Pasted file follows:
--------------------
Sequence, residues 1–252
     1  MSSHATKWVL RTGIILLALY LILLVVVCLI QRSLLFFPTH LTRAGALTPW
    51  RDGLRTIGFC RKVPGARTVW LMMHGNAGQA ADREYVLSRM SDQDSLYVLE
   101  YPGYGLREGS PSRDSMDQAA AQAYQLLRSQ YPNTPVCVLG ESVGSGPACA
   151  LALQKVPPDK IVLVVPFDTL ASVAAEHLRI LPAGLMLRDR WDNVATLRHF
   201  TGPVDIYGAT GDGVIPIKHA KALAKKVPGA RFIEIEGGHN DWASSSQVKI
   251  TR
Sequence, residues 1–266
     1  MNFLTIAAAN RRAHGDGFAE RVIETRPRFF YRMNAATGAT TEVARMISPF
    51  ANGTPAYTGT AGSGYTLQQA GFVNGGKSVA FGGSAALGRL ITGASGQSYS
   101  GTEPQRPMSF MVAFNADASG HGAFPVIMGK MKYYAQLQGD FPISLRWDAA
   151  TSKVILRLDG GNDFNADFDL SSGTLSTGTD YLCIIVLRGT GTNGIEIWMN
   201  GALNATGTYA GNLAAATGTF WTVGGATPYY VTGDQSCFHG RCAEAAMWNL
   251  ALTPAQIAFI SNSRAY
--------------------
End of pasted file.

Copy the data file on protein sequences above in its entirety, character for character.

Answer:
Sequence, residues 1–252
     1  MSSHATKWVL RTGIILLALY LILLVVVCLI QRSLLFFPTH LTRAGALTPW
    51  RDGLRTIGFC RKVPGARTVW LMMHGNAGQA ADREYVLSRM SDQDSLYVLE
   101  YPGYGLREGS PSRDSMDQAA AQAYQLLRSQ YPNTPVCVLG ESVGSGPACA
   151  LALQKVPPDK IVLVVPFDTL ASVAAEHLRI LPAGLMLRDR WDNVATLRHF
   201  TGPVDIYGAT GDGVIPIKHA KALAKKVPGA RFIEIEGGHN DWASSSQVKI
   251  TR
Sequence, residues 1–266
     1  MNFLTIAAAN RRAHGDGFAE RVIETRPRFF YRMNAATGAT TEVARMISPF
    51  ANGTPAYTGT AGSGYTLQQA GFVNGGKSVA FGGSAALGRL ITGASGQSYS
   101  GTEPQRPMSF MVAFNADASG HGAFPVIMGK MKYYAQLQGD FPISLRWDAA
   151  TSKVILRLDG GNDFNADFDL SSGTLSTGTD YLCIIVLRGT GTNGIEIWMN
   201  GALNATGTYA GNLAAATGTF WTVGGATPYY VTGDQSCFHG RCAEAAMWNL
   251  ALTPAQIAFI SNSRAY